Knight International Journalism Fellowships

Uganda: Setting a New Standard for Health Journalism in Africa

Knight International has made huge inroads in health coverage in Uganda. In 2.5 years, Knight Fellow Christopher Conte developed a vibrant community of journalists who now have the expertise to tackle tough health issues including the AIDS epidemic and health-care spending. As part of this effort, he revived a health-journalism association, turned it into a strong organization where he and other experts hold workshops, and handed over its operation to local journalists.

The association now produces an influential monthly newsletter that goes to 700 health-care professionals and journalists. He attracted new funding for the association from a wide range of sources including Johns Hopkins University and the U.S. Centers for Disease Control. This included funds for a Ugandan journalism fellow who worked side by side with him and kept the momentum going after Conte left.

He also worked with two leading dailies, The Monitor and New Vision, and a nationwide network of radio journalists to improve health coverage. As we mentioned above, a story on Uganda’s shoddy hospitals prompted the government to apply for — and receive — a $130 million loan from the World Bank.

In July 2010, Conte hosted a meeting of nine Knight Fellows based in Sub-Saharan Africa to share best practices and work together to build a network of regional health journalists. The goals: to share resources and collaborate on stories to improve coverage of health and poverty-related issues throughout the region.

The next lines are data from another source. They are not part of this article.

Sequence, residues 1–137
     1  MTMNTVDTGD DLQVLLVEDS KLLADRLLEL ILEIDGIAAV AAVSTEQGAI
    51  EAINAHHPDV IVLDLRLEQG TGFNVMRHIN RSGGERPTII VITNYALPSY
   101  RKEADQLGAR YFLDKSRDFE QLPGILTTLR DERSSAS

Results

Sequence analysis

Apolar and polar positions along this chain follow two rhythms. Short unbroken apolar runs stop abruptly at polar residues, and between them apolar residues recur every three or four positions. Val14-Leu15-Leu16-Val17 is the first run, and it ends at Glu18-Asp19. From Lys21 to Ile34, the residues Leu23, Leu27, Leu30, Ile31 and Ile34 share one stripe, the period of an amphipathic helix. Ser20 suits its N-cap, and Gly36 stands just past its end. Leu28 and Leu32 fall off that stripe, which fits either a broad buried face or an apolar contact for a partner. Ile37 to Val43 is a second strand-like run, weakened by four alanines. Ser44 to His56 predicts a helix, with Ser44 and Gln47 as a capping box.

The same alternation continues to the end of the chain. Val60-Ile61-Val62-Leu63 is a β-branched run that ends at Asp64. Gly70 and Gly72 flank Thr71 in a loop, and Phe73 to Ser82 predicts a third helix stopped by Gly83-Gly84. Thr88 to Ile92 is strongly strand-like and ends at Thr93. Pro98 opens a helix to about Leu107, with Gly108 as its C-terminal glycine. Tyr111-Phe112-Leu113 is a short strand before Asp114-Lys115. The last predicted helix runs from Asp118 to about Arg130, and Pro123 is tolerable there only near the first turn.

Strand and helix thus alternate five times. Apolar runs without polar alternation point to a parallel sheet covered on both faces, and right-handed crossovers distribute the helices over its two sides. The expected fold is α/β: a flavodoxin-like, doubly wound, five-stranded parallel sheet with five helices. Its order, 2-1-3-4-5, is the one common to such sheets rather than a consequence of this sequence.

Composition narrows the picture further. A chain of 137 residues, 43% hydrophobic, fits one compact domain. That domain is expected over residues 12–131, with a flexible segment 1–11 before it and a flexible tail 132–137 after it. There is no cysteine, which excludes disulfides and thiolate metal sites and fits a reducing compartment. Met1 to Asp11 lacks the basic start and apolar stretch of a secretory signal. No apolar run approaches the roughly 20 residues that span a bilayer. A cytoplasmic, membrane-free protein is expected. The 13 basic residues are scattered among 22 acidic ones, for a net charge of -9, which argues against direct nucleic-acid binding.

Our Stories


  • May 12008

    What difference can a newsletter make?

    What difference can a newsletter make? Quite a bit, judging from the launch of a modest new publication in Uganda. Designed to serve health journalists, the “Uganda Health Reporter” is making a bid to help spearhead diverse training programs and become a rallying point for professional development.

    “The first step is always the hardest.”

  • Mar 22008

    Of Demons and Public Health

    Editors Note: A group of journalists set out to investigate reports of demons in rural Uganda, but they ended up learning a few things about public health.

    As I sped down a narrow dirt road enveloped in a cloud of dust in Hoima District, Uganda, I must admit I wondered what in the world I was doing. I had begun a stint as a Knight health journalism fellow three weeks earlier, but here I was with a reporter and photographer from New Vision, Uganda’s largest newspaper, bouncing toward the isolated village of Kiziranfumbi about three hours west of Kampala.